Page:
Book Reviews

Book Review: Charles Olson & Ezra Pound | written by Gail

Hate blinds. It makes this man of exquisite sense a false instrument. It makes a lie of perception.

Charles Olson and Ezra Pound: An Encounter at St. Elizabeths, 1975, pg. 56 (emphasis my own)

It was a Friday evening, and I was, as usual, reading a book. Shabbat had come in with the sunset, but dinner wasn’t going to be for another hour. I could smell the food from the kitchen, and, in the living room with me, could hear my mother and brother turning the pages in their own books. The book I was reading was absolutely fascinating (and I gave it five stars on Goodreads, too), so I was a little irritated when my reading was interrupted by my father, who dumped eight books on the table next to me and asked if I want to have them.

This is a regular occurrence. My father retired several years ago, and has since been in the process of trimming down his library – now that he has the time to read them, he’s deciding which books he actually wants to read: which books he bought because he needed them for his academic work, but no longer needs; which books he bought and ended up not liking; which books he bought in languages he never learned; which books he liked, but will never read again. I am a major benefactor of this process. My teeny-tiny shelf of poetry and classics has expanded into a full three shelved bookcase. I have two beautiful editions of Shakespeare’s plays, several collections of English Poetry, The Prince and the Pauper, etc., all thanks to my father deciding he no longer needs them.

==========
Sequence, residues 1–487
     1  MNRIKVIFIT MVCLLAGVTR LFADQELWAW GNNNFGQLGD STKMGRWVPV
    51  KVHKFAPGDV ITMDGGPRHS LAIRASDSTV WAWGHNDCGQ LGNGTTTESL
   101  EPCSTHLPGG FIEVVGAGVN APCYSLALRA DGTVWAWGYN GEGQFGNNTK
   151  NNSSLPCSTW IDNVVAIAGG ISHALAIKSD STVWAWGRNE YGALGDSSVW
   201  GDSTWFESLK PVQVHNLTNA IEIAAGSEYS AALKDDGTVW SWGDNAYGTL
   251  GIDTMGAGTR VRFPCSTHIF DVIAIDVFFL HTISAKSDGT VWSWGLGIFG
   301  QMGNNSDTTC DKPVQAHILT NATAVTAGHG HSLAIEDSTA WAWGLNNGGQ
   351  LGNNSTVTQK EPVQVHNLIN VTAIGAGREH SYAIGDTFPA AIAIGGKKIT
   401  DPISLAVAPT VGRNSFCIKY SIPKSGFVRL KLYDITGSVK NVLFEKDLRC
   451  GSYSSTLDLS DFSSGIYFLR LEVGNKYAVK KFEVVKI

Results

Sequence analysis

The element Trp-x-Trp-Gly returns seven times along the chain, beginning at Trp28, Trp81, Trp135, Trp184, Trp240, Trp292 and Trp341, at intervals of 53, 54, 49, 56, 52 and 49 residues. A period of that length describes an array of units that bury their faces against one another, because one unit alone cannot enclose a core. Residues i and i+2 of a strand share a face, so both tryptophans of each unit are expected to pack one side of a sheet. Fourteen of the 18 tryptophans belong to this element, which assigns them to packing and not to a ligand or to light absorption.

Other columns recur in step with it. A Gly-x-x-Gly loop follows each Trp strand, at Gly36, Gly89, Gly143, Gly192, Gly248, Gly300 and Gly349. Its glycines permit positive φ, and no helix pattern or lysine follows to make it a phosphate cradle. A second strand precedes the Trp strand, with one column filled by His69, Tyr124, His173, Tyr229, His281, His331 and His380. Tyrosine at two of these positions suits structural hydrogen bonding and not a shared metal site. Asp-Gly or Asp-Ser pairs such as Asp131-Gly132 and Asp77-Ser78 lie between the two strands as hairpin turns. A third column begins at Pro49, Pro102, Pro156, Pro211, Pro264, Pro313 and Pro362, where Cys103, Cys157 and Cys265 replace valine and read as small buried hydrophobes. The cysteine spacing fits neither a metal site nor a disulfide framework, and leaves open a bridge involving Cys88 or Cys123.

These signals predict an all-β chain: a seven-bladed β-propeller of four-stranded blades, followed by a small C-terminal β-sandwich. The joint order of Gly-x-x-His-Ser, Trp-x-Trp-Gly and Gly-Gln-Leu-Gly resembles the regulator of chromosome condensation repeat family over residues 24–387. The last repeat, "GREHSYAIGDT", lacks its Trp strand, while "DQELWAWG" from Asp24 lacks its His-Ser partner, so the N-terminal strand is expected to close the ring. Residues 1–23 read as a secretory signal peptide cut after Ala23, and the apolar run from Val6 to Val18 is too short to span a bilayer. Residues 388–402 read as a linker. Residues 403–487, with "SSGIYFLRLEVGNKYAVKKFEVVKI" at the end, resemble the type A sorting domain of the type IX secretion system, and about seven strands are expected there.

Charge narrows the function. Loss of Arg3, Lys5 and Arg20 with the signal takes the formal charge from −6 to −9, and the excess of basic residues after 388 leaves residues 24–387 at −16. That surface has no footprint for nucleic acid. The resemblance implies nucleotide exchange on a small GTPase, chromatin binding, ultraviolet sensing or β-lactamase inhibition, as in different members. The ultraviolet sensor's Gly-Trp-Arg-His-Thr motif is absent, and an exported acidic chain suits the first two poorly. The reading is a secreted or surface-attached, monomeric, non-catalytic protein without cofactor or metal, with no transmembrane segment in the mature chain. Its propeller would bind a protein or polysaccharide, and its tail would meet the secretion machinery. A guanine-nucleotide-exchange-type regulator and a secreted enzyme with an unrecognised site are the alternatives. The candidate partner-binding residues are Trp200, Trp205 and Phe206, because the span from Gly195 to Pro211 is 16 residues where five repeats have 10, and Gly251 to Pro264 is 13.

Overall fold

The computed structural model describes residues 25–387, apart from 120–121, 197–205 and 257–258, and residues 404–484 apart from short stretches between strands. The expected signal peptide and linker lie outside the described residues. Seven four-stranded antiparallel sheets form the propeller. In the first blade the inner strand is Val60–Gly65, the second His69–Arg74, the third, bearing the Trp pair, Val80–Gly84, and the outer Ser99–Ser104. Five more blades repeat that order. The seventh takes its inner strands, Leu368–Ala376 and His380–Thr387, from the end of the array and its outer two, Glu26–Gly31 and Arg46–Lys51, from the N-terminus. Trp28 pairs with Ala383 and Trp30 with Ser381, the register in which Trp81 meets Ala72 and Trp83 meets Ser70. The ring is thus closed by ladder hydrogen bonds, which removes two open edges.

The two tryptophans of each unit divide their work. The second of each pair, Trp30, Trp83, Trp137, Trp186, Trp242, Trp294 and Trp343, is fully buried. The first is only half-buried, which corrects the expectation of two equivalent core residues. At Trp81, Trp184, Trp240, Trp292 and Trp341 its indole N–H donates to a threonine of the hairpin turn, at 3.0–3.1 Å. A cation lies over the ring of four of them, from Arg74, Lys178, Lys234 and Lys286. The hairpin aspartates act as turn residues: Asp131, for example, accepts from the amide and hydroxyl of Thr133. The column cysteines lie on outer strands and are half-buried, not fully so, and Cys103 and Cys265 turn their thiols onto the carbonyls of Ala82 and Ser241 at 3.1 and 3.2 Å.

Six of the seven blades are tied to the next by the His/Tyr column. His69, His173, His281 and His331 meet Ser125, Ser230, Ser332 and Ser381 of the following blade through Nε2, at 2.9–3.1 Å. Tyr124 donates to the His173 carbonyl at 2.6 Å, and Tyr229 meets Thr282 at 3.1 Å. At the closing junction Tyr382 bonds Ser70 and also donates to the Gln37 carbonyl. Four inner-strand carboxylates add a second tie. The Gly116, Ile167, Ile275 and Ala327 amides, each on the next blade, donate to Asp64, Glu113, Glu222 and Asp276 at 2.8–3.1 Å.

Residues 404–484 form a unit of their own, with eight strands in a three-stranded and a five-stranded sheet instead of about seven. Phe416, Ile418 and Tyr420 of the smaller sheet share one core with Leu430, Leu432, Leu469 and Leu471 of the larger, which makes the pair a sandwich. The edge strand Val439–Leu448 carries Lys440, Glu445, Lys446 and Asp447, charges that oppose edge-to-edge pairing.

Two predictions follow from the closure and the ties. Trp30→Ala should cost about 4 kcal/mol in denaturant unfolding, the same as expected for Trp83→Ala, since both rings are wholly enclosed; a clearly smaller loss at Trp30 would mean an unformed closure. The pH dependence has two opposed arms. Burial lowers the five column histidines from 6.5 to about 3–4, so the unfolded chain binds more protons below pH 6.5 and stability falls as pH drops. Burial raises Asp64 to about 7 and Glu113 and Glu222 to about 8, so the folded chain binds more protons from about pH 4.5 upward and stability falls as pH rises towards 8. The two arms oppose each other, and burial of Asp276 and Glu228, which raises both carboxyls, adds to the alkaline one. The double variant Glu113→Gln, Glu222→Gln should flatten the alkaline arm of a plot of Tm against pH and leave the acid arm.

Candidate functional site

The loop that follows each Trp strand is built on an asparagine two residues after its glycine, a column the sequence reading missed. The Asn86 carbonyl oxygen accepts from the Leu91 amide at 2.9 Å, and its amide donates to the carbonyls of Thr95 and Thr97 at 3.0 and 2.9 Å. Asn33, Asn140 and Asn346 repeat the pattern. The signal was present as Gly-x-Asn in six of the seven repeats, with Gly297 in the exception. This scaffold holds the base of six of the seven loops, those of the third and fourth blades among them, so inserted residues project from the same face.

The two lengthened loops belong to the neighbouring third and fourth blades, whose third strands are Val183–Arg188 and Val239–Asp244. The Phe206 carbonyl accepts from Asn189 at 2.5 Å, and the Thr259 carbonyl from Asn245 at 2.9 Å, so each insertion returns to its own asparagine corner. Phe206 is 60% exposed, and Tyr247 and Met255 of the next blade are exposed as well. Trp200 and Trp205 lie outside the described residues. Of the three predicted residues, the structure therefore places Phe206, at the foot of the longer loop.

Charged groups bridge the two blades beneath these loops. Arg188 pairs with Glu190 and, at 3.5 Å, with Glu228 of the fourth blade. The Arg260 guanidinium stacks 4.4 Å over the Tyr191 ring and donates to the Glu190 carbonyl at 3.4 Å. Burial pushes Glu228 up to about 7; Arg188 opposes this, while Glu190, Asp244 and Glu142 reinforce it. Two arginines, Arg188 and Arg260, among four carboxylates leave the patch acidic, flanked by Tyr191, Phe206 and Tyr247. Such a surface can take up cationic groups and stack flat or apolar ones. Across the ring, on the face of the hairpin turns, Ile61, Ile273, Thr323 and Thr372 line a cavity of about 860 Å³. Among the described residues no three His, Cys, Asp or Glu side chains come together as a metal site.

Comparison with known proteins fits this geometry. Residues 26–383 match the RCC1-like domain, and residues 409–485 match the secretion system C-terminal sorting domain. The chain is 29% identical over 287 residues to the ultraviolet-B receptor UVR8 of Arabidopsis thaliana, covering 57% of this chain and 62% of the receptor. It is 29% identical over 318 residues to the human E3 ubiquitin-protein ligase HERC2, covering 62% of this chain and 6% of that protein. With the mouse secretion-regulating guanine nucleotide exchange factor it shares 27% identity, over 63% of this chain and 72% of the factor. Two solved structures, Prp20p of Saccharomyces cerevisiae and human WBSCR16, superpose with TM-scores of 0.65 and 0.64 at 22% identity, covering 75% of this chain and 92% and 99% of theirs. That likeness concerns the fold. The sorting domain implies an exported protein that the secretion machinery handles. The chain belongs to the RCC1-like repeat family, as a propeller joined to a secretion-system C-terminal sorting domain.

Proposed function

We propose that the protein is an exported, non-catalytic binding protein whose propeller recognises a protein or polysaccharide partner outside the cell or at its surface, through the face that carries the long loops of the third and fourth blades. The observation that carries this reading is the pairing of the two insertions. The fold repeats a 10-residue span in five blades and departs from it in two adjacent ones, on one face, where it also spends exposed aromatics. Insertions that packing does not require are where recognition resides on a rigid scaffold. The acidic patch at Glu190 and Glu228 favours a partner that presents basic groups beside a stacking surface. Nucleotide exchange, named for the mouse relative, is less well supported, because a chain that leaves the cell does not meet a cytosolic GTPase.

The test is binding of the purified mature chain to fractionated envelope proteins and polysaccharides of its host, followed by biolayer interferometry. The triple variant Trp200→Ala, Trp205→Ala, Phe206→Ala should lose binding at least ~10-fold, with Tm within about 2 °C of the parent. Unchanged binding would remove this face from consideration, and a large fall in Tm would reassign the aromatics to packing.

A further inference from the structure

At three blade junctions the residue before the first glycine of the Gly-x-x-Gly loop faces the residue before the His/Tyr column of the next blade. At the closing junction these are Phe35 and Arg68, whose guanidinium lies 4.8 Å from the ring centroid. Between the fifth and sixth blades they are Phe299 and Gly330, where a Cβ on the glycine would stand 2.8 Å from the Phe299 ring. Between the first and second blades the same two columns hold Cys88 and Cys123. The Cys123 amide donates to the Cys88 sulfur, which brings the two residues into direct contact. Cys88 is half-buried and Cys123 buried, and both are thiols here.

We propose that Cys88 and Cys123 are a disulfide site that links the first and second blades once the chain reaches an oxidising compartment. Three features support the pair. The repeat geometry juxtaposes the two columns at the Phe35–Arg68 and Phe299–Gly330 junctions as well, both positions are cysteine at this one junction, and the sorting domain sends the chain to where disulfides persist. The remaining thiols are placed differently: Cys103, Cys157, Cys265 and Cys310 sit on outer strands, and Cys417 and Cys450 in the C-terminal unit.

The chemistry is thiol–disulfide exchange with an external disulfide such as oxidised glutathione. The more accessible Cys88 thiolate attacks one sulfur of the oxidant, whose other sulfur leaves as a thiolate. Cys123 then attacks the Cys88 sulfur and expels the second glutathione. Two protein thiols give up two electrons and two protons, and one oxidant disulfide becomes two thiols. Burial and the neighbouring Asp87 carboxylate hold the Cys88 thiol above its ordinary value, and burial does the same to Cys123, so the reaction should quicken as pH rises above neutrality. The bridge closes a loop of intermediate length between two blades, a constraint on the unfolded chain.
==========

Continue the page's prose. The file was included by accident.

n this particular Friday evening he had an enormous a five volume edition of something or another, a sizable pair of volumes that looked real fancy, and a tiny little book, less than 150 pages long, called Charles Olson and Ezra Pound: An Encounter at St. Elizabeths. It, like most of the books I’ve been gifted from my father, was clearly old; it wasn’t falling apart, but the pages were slightly yellowed, and the paper cover that hardbacks usually have was missing. But out of all of the book offered to me that night, Olson & Pound was the one I was looking forward to reading the most.

I cannot be responsible for the way the Dept. of Justice tries the citizen Ezra Pound. But I say I nor any other writer can allow Ezra Pound the writer to go untried.

Charles Olson and Ezra Pound: An Encounter at St. Elizabeths, 1975, pg. 16 (emphasis my own)

 

Ezra Pound (1885-1972) was an American poet, who, although noteworthy on his own merits, was also noteworthy for all the artists he discovered and nurtured into fame. Most likely you’ve heard of them: T. S. Eliot, James Joyce, Robert Frost, and Ernest Hemingway are only a handful of those whose artistic endeavors he supported.

And, of course, he was a fascist